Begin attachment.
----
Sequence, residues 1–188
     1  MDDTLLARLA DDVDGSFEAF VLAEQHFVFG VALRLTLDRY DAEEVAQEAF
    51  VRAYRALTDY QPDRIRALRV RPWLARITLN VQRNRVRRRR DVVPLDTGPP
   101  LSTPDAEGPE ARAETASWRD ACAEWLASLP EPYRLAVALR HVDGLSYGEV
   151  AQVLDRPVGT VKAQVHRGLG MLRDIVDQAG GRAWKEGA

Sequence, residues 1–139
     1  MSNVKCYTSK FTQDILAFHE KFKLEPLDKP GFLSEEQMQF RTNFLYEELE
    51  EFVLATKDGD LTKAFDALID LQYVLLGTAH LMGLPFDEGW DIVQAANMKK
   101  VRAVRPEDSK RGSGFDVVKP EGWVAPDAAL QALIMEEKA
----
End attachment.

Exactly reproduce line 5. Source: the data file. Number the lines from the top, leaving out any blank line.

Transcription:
   151  AQVLDRPVGT VKAQVHRGLG MLRDIVDQAG GRAWKEGA